· Then there were bomb threats from the Arab terrorist group Black September, apparently in protest of Jews working on the project.
|Sue Mengers and Jack Nicholson|
Super-agent Mengers had arrived in Hollywood from New York just in time for the “decade under the influence.” She’d started in the agency business as an MCA receptionist in 1955. Working her way up and around, she departed for the West Coast in 1968 and, at CMA, joined the once exclusive boys club of Hollywood talent agents. Soft-faced, zaftig and very blonde, Mengers played hardball with the best of them. She developed a reputation for her parties, her pot, her foul mouth and her sense of humor – but most of all, she was acknowledged for her mastery of the art of the deal. Time Magazine called her “a cross between Mama Cass and Mack the Knife.” Mengers was at her apex when The Last of Sheila came out, with a client list that included not only Cannon and Perkins but also Streisand, McQueen, Burt Reynolds, Mike Nichols, Faye Dunaway, Ali McGraw and a long list of other in-demand stars of the new Hollywood.
Cannon, a deft comedienne, bravely soldiered on and her performance as the brassy virago was the picture’s stand-out turn and earned the actress much critical praise.
Playing the part of a Hollywood sexpot was Hollywood sexpot Raquel Welch. Anthony Perkins thought she was the most physically perfect woman he’d ever seen, and he was not alone. The former beauty queen/weather girl was in her early 30s then and one of the hottest stars in Hollywood. She’d begun to develop a reputation as difficult to work with and the Sheila set may have been one of the sources of her tag as a diva. At one point she walked off the set claiming director Ross had attacked her. James Mason, highly respected for his then nearly 40-year career, commented publicly that Welch was the most inconsiderate actress he’d ever worked with. Perkins remarked, “She really should have done it closer to when the picture actually opened when something like that in the paper would have done the picture some good.”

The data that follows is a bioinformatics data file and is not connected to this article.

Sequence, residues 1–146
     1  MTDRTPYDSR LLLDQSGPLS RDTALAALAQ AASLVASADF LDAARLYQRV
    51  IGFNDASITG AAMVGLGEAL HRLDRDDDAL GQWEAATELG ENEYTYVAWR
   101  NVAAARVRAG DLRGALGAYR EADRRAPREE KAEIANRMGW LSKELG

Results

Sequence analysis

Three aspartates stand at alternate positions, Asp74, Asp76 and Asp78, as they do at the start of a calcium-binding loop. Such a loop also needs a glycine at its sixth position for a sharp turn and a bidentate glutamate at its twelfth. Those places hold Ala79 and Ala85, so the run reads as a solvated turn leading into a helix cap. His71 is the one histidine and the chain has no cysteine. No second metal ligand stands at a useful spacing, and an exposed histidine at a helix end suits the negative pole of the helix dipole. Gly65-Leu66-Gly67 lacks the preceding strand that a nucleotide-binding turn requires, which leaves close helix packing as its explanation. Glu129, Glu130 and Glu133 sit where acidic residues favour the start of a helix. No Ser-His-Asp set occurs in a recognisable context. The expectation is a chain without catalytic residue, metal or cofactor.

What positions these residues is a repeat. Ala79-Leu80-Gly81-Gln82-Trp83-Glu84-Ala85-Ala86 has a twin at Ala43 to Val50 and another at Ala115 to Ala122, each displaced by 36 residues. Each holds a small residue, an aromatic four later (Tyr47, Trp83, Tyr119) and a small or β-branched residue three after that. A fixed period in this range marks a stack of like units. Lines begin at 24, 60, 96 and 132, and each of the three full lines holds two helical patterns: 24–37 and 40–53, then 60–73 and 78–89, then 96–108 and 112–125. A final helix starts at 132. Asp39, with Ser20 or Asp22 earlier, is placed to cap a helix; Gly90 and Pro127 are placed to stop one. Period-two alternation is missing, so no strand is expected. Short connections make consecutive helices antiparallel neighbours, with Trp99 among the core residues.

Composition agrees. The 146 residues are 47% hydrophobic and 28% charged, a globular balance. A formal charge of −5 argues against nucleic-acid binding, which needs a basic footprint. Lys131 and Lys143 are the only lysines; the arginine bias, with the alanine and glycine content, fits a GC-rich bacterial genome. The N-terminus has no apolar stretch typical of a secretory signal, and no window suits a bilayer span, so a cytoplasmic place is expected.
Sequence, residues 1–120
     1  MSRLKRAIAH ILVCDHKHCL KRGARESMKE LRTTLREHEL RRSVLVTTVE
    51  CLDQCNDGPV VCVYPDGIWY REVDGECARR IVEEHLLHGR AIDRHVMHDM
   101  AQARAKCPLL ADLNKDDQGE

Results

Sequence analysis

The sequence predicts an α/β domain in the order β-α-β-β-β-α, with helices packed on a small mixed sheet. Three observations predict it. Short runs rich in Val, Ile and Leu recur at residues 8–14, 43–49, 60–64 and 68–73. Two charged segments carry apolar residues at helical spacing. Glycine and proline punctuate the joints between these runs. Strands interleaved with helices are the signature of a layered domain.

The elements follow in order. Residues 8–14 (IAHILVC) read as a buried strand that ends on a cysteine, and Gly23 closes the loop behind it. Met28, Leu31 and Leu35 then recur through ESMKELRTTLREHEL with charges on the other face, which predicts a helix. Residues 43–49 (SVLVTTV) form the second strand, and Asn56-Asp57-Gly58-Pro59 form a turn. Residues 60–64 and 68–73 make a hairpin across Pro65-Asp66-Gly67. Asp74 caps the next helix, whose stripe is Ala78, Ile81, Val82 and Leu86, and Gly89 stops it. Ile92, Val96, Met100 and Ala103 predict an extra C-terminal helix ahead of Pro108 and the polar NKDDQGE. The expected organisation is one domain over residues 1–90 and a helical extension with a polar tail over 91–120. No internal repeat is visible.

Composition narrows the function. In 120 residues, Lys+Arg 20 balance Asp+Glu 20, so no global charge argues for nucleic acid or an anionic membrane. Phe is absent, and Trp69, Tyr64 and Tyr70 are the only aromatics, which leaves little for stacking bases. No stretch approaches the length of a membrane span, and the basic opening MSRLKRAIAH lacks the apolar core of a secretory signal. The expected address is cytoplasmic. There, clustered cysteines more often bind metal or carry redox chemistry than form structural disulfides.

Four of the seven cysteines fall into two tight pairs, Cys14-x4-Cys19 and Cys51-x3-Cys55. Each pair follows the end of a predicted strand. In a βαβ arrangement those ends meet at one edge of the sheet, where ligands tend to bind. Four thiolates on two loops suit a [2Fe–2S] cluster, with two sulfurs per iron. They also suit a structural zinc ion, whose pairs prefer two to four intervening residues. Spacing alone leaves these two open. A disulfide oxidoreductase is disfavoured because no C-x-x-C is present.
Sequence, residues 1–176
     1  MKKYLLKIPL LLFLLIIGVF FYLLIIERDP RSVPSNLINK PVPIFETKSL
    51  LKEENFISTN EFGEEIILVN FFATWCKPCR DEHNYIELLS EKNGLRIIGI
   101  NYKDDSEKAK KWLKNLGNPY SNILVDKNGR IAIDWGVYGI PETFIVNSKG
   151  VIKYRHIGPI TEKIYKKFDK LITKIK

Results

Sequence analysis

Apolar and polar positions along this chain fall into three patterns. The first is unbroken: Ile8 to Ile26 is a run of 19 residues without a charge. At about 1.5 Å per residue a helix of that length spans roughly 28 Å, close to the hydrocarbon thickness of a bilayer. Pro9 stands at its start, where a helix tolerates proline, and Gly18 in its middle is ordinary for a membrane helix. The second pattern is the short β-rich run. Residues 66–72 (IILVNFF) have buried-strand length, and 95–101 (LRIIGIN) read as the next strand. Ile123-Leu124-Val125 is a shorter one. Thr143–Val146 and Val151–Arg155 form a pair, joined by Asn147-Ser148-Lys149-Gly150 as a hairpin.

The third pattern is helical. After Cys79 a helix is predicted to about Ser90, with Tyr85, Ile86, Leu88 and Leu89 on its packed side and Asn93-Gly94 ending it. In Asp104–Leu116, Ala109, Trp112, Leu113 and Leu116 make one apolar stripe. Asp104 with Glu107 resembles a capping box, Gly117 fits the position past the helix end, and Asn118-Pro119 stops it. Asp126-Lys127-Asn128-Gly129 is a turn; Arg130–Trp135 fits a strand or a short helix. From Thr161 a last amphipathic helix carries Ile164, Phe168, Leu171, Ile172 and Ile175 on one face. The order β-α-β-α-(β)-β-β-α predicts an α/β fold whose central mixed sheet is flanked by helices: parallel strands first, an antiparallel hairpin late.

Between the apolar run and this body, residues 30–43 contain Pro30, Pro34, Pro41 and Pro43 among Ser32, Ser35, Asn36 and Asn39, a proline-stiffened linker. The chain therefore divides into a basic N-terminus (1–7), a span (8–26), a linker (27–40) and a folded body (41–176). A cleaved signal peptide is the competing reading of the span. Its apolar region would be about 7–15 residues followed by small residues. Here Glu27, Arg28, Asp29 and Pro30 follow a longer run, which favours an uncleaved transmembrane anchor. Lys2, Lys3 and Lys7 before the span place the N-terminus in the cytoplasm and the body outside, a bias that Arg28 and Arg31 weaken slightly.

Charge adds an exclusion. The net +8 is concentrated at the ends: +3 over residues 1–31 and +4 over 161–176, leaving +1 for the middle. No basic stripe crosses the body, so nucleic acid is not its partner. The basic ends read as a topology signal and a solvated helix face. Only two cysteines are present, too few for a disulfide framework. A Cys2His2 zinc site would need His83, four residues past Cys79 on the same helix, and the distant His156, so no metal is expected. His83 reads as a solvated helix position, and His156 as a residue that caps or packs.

Though sprinkled with stars, laced with sly humor and plot twists, and appreciated by critics from Vincent Canby to Roger Ebert, The Last of Sheila was not a box office hit. It would be one year later, with Sidney Lumet’s adaptation of Agatha Christie’s Murder on the Orient Express, that the star-studded whodunit would gain a wide audience.Though Sheila was ignored by the Academy, Sondheim and Perkins’s screenplay won an Edgar Award from the Mystery Writers of America.
Turner Classic Movies is featuring guest programmers on Mondays and Thursdays throughout the month of March, and this time the group has been selected from TCM's own staff. Alexa Foreman of the Studio Production team chose The Last of Sheila and described it as, “a mystery that few have heard of, even though it was written by Stephen Sondheim and Anthony Perkins, and may be the best-cast movie ever.”
I was not familiar with The Last of Sheila the first (and last) time I saw it, which was years ago on television. At first I was mostly curious to see a film I didn't know about that boasted an all-star cast. But I love a mystery and quickly became engrossed in a tricky plot enhanced by barbed dialogue and a sinister undercurrent.
TCM’s screening of The Last of Sheila will be its premiere on the classic movie channel. The film has developed a cult following among murder mystery lovers over the years and currently has a 91% positive rating from critics at Rotten Tomatoes. I'm looking forward to seeing The Last of Sheila for the first time in a very long time and will be thinking of Stephen Sondheim as I watch...the incomparable Mr. S will be celebrating his 81st birthday on March 22...
The Last of Sheila will air on TCM on Thursday, March 31, at 10:30pm Eastern/7:30pm Pacific (it is currently available to Comcast customers On Demand under Premium Channels/Preferred Collection)